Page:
For medical professionals battling substance abuse, going back to work can make them the proverbial kid in the candy store. It’s the equivalent to sending a recovering alcohol back to their job as a bartender. This factor is believed to play a role in the increased relapse rates among healthcare professionals. After all, they’re surrounded by the very substances that were the problem in the first place.
“Having a coexisting psychiatric illness or family history of a substance use disorder or having used a major opioid are key factors that can increase the likelihood of a substance use disorder relapse among healthcare professionals,” according to a study in the March 2008 issue of JAMA.
The prevalence of chemical dependency (excluding nicotine) among physicians has been estimated to be 10 percent to 15 percent. While that number is similar to chemical dependency rates in the general population, it can be easier for doctors to hide their addiction because of their accessibility to legal drugs. Of those medical professionals who do seek treatment for their addiction and complete a program, the study showed that recovery is best achieved through continuing group therapy and regular attendance at mutual help groups.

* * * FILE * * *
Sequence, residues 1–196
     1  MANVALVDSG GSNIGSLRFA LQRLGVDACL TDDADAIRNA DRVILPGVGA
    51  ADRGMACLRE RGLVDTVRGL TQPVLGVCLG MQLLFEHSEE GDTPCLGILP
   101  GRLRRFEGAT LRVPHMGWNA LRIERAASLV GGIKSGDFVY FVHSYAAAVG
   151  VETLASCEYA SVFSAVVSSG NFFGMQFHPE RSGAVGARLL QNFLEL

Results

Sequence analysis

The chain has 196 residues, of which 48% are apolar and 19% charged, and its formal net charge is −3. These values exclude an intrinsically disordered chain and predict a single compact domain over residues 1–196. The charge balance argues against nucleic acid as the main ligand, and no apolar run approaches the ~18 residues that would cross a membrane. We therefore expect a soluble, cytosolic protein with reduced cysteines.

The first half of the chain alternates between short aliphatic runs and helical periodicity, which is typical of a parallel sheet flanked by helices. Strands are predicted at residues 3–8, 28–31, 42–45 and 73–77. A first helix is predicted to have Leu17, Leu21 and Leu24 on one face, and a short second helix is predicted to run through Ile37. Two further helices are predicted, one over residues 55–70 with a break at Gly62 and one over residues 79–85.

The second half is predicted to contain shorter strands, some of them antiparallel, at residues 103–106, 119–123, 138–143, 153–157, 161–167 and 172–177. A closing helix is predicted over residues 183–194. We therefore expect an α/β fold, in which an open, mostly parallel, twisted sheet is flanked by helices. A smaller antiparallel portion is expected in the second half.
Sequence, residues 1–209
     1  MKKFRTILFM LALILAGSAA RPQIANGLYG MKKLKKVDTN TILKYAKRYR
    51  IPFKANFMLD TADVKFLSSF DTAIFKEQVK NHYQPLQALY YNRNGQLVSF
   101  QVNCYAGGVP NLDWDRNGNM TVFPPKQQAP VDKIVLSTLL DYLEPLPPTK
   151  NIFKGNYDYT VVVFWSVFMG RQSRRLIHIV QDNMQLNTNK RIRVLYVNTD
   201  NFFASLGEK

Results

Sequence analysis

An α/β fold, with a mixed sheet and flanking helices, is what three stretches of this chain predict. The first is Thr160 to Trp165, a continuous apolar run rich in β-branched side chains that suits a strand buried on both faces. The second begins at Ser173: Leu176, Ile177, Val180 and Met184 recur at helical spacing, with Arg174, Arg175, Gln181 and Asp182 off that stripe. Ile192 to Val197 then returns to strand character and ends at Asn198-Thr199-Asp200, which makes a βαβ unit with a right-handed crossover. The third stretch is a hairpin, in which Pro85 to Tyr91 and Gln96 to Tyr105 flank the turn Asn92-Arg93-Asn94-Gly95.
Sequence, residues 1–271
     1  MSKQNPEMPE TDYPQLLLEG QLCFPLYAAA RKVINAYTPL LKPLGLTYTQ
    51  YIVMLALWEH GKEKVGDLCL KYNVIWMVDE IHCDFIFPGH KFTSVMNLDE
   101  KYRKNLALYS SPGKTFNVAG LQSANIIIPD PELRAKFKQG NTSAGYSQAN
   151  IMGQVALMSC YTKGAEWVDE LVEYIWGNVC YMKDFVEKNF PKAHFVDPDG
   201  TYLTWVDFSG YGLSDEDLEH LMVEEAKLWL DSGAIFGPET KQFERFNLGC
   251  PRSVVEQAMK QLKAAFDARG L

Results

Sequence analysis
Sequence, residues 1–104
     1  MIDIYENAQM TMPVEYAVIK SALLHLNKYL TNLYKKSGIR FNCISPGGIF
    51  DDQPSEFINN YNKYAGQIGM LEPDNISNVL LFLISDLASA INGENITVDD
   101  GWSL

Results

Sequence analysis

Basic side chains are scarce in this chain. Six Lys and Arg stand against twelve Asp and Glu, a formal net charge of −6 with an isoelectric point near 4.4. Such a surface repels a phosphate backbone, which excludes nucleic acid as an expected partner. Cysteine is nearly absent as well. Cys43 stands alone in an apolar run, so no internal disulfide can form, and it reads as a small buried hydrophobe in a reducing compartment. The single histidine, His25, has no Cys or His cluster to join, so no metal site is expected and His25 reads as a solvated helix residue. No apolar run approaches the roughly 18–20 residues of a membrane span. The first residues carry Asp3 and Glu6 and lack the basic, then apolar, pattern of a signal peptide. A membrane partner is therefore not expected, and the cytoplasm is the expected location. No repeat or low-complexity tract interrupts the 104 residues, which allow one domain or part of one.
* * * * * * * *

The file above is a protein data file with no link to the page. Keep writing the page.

Possibility of Releapse
In the study of 292 health care professionals enrolled in the Washington Physicians Health Program, Karen B. Domino, M.D., M.P.H., of the University of Washington, Seattle and her colleagues conducted a study to identify factors that might predispose individuals to relapse. Here are some of their more interesting findings:
- Twenty-five percent had at least 1 relapse.
- A family history of a substance use disorder increased the risk of relapse 2.3 times.
- The use of a major opioid increased the risk of relapse significantly in the presence of a coexisting psychiatric disorder (5.8 times increased risk) but not in the absence of a coexisting psychiatric disorder.
- The presence of all three factors — major opioid use, dual diagnosis (presence of a coexisting psychiatric disorder) and family history — increased the risk of relapse 13.3 times.
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